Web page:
Computer Science
Algorithms and Data Structures: COMPSCI 220
Semester 2  2016, City Campus
Welcome to COMPSCI.220SC (Algorithms and Data Structures). This course extends the algorithm and data structure material taught at Stage 1, and examines practical and theoretical aspects of program performance.
You will learn how to store and process data efficiently and how to assess how well your program scales when it needs to handle more data and users.
A course such as this one is a standard part of CS degrees worldwide, with good reason. The material is fundamentally important in many areas of computer science.
We build on the basic data structures from COMPSCI 105/107, using them to implement problemsolving methods called algorithms.
 Algorithm analysis shows us how to get things done correctly and efficiently. We focus mostly on efficiency in this course  a good algorithm can make the difference between a program being practically useful or useless. We will learn how to analyse an algorithm for efficiency, and which data structure to use when programming the algorithm. In doing so, we encounter some classic algorithms that today are found everywhere in computing. We'll discuss questions such as: How does your iPod find that song so quickly? Why is Pythonâ€™s standard sorting algorithm Timsort efficient in application to various types of realistic data?
 Graphs are natural structures with hugely many applications, and we cover the main concepts and key algorithms. How does Google Maps find the shortest driving distance? How many ways are there to get dressed in the morning? How do we get out of a maze efficiently?
The key learning outcomes for this course are as follows. Note that these are minimal expectations and that excellence requires practice!
 Express an algorithm's performance using basic asymptotic notation. Predict algorithm performance on large input. Compare performance of various algorithms in a given situation and select the best.
 Write a recurrence describing performance of an algorithm given a formal or informal description. Solve that recurrence.
 Fluently use computer representations of data structures: lists, trees, dictionaries and graphs. Compare and constrast performance of various data structures for a given problem and select the best one.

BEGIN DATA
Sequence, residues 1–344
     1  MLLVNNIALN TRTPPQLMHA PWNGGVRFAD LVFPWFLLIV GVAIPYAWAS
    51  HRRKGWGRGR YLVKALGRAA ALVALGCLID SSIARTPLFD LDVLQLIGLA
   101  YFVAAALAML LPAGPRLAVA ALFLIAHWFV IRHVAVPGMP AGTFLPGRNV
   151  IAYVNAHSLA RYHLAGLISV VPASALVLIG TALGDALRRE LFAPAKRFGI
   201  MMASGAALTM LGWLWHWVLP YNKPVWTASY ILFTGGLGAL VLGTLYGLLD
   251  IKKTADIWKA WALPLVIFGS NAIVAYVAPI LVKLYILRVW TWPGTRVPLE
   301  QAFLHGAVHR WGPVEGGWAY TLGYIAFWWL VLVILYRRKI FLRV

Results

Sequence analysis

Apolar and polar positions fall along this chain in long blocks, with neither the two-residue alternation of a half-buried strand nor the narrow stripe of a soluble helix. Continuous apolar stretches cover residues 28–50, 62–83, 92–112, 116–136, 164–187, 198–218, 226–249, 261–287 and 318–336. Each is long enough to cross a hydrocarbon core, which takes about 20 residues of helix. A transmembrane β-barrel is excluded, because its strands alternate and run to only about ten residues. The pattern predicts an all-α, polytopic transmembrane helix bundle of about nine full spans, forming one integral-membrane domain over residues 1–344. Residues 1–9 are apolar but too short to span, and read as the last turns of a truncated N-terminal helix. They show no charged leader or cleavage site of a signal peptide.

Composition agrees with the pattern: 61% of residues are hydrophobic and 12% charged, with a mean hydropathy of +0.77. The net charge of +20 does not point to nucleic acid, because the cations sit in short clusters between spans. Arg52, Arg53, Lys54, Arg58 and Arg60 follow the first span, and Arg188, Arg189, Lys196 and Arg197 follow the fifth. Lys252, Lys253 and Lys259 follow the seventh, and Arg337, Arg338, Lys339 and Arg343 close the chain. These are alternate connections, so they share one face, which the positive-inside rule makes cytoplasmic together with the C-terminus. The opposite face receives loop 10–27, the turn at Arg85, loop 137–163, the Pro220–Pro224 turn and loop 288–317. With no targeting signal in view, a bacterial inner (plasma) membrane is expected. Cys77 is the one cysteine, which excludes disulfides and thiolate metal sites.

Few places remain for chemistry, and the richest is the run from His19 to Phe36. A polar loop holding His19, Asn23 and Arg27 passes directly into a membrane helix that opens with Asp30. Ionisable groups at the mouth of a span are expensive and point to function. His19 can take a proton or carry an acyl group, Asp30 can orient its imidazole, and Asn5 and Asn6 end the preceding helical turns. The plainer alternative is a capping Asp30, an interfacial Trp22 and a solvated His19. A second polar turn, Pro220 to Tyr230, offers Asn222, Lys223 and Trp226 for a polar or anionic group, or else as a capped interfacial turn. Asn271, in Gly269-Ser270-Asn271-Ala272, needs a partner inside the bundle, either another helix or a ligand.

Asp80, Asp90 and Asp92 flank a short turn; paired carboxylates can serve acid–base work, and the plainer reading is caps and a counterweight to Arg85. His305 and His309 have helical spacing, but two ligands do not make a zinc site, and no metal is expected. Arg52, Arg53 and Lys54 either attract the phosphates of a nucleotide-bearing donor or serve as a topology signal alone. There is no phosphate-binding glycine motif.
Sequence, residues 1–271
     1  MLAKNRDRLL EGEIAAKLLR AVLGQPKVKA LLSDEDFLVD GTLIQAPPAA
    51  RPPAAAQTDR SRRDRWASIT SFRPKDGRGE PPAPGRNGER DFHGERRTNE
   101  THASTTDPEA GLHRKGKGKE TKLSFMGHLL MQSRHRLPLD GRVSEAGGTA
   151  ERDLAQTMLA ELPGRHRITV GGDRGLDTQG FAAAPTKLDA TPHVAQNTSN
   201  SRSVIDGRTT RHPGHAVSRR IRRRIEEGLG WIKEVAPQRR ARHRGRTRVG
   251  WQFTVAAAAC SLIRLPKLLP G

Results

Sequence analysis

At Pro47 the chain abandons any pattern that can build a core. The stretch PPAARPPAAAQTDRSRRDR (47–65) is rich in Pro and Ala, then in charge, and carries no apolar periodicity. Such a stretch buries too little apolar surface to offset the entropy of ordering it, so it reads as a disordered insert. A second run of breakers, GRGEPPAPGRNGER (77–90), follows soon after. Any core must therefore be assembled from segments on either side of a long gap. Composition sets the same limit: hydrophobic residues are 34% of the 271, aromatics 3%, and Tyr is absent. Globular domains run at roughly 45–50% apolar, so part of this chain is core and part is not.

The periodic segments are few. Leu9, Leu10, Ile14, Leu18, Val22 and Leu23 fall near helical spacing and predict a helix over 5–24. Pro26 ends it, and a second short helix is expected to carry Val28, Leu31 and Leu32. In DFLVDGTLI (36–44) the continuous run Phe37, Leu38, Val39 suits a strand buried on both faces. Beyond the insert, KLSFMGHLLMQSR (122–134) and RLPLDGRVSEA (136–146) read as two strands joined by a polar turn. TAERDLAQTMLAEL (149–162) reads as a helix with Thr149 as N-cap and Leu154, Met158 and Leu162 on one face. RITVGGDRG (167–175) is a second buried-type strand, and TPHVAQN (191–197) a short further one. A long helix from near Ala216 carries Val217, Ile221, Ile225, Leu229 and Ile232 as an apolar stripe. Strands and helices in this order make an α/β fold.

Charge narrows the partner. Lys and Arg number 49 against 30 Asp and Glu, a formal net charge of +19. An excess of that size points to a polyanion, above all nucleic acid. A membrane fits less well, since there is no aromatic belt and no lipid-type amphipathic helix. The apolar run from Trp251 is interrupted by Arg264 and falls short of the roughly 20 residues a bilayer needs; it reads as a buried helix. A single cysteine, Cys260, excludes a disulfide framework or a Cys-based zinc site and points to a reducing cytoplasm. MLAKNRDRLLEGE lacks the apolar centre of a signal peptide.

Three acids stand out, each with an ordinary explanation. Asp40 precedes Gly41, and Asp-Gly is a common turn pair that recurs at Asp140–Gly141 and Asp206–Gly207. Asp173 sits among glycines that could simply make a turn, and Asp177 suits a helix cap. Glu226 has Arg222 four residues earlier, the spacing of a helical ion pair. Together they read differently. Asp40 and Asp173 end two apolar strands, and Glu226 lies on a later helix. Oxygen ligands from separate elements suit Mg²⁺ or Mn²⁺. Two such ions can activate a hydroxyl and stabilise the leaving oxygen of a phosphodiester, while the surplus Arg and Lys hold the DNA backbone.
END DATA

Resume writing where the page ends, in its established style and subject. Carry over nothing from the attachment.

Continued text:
Execute and program the fast graph algorithms for standard problems: depthfirst and breadthfirst search and applications; optimization problems (e.g. shortest paths, minimum spanning trees).
 Lectures Mon, Tue, and Wed 1pm to 2pm.
 All course materials will be available via Canvas.
 The standard textbook for the course is freely available: Introduction to Algorithms, Data Structures and Formal Languages by M. J. Dinneen, G. Gimel'farb and M. C. Wilson. The course follows the textbook closely.
 Tutorials from week 2 as selected. Please sign up on Student Services Online.
 27% written/programming assignments (3 assignments)
 13% written midterm test
 60% written final examination
 All COMPSCI undergraduate courses have a separate pass requirement, i.e., you will need to pass both the test+exam and the coursework components individually. Pass marks for these components will not be higher than half of the available marks in the respective component, but may be adjusted to lower thresholds in individual instances of the course. We therefore recommend that you sit the exam even if you are not confident that you have scored half of the coursework marks.
 We assume that you are already familiar with the academic honesty information and policy.
Seeking Assistance
For assistance with course material and course work you can visit or email us, or ask the specialized demonstrator in the lab. The Department of Computer Science also has a team of support staff (see the posters around the labs for support contacts) who are happy to provide guidance on more general issues to do with your study in computer science. Don't suffer in silence.
How to get the best out of this course
COMPSCI220 is a part of the "theoretical computer science" spectrum and is a little more mathematical than the stage 1 courses in our department. That's nothing to be feared, though: Having a wellfounded theory simply takes the guesswork and experimentation out of figuring out why something does (or doesn't) work. As they say: "Nothing is more practical than a good theory".
One tool that we will use frequently, though, is mathematics, albeit at a very lowkey level. In preparation for COMPSCI220, please review the material on our "maths checklist", which we expect students to be familiar with.
This doesn't take long to grasp but makes life a lot easier when it comes to reading and understanding formulas!
Hint: Think of knowledge as a building. We need to build each level of the building well, or the floors above will fall down under pressure. The foundations are the most important level, and in our case the foundations are the definitions. It helps to understand and learn definitions thoroughly. A good way to do this is to try and figure out at least three examples for every abstract concept.
Catching up on missed lectures and tutorials
If you miss a lecture, catch up as soon as possible by reading the corresponding sections of the textbook. Ask classmates and/or the lecturer whether any extra material was covered. If you miss the deadline for an assignment and have a valid reason, contact the lecturer who set the assignment. If you miss the test/exam for any valid reason, or you sit the test/exam but believe that your performance was impaired for some reason, then you may be able to apply for an aegrotat, compassionate or special pass consideration.
Contacts
For specific questions about lecture material, contact the lecturer who taught it. For specific questions about the tutorials, contact the tutor. For specific questions about assignment marking, contact the marker and copy your email to the tutor.

Related Programmes